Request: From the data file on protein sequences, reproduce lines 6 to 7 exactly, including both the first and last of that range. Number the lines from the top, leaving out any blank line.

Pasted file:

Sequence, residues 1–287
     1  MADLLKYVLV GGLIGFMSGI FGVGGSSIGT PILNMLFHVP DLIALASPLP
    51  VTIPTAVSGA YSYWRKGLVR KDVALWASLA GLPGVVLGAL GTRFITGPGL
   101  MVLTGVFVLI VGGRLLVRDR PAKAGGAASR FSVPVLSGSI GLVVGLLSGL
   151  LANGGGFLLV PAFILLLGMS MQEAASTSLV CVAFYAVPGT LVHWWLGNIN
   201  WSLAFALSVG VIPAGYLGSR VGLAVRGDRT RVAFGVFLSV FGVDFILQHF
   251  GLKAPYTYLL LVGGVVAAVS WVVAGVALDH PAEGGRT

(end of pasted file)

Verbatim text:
   201  WSLAFALSVG VIPAGYLGSR VGLAVRGDRT RVAFGVFLSV FGVDFILQHF
   251  GLKAPYTYLL LVGGVVAAVS WVVAGVALDH PAEGGRT